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Views from the Center

CGD experts offer ideas and analysis to improve international development policy. Also check out our Global Health blog and US Development Policy blog.

 

Two girls do homework outside a school in Bamako, Mali. Photo from Adobe Stock.

For Better Learning, Africa Needs Better Data

Which African country is making the most progress in teaching kids to read by the time they reach third grade? Which language-of-instruction policies are most effective in early literacy teaching? Which country is getting the most children to complete primary school equipped with basic literacy, numeracy, and critical thinking skills? The answers? We don’t know because there is no way to know. Comparable data on learning outcomes over the past 10 years in sub-Saharan Africa simply does not exist. 

Graph showing that there is shockingly little progress on answering multiple choice questions about simple arithmetic operations as students move through schooling.

The Learning Crisis and How to Fix it: Reflections from the 2018 RISE Conference

Imagine an economically thriving and democratic middle-income country that has achieved near universal primary school enrollment, tripled percentage of total government expenditure on education since 2000 (in real terms), and roughly doubled teacher salaries. You would think all is well, right? But new measures of learning progress show low absolute and marginal learning as students are promoted from grade to grade.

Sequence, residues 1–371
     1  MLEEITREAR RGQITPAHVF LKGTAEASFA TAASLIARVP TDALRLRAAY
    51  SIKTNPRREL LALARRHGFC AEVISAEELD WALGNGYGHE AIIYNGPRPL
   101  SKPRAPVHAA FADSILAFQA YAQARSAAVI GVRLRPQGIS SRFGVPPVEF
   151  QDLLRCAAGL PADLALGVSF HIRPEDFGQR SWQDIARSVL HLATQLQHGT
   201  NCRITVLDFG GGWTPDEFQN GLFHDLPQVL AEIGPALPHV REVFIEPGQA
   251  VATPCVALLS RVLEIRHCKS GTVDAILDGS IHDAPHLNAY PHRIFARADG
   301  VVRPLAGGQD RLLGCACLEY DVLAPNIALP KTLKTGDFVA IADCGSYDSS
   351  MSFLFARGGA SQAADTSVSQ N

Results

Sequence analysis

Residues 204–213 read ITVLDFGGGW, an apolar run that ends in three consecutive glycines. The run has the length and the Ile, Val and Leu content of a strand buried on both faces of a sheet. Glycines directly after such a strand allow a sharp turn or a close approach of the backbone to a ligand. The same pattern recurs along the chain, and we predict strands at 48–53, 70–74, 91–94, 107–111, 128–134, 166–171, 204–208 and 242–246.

Vietnam’s Exceptional Learning Success: Can We Do That Too?

In the last international PISA assessment for math and science, Vietnam outperformed many developed countries, including the UK and the US. Yet Vietnam only has a small fraction of the GDP of these countries. Should other countries with similar income levels, such as Indonesia, be asking themselves: “Why not me?”

Bad Assessments Are Bad for Learning

High-stakes national assessments in developing countries tend to have important consequences for test takers. These assessments can determine a child’s future opportunities by deciding whether a child progresses to a higher grade or achieves a certain certification to enter the workforce. Because these assessments are important for both children and teachers, they have a strong influence on what actually happens inside the classroom, and as a result, on the learning outcomes of children.

Does Management Matter for Learning Outcomes?

Much has been written about the difference in education outcomes between public and public-private partnership (PPP) schools. According to a review by Ark, so far there is insufficient or modest evidence linking PPPs—including contract schools, subsidies, and vouchers—with better learning outcomes (as distinct from evidence about public versus private [non-PPP] schools).

The WDR 2018: Learning for All, All for Learning

The release of the World Bank’s World Development Report (WDR) is a milestone in the struggle to prepare the youth of today for the challenges of the world they will face. The report focuses on both the need to “get education right” and how to reform education systems to meet the challenge of preparing today’s youth to be tomorrow’s citizens, parents, community members, workers, and leaders. As we outline below, the WDR and our RISE programme share many core themes.

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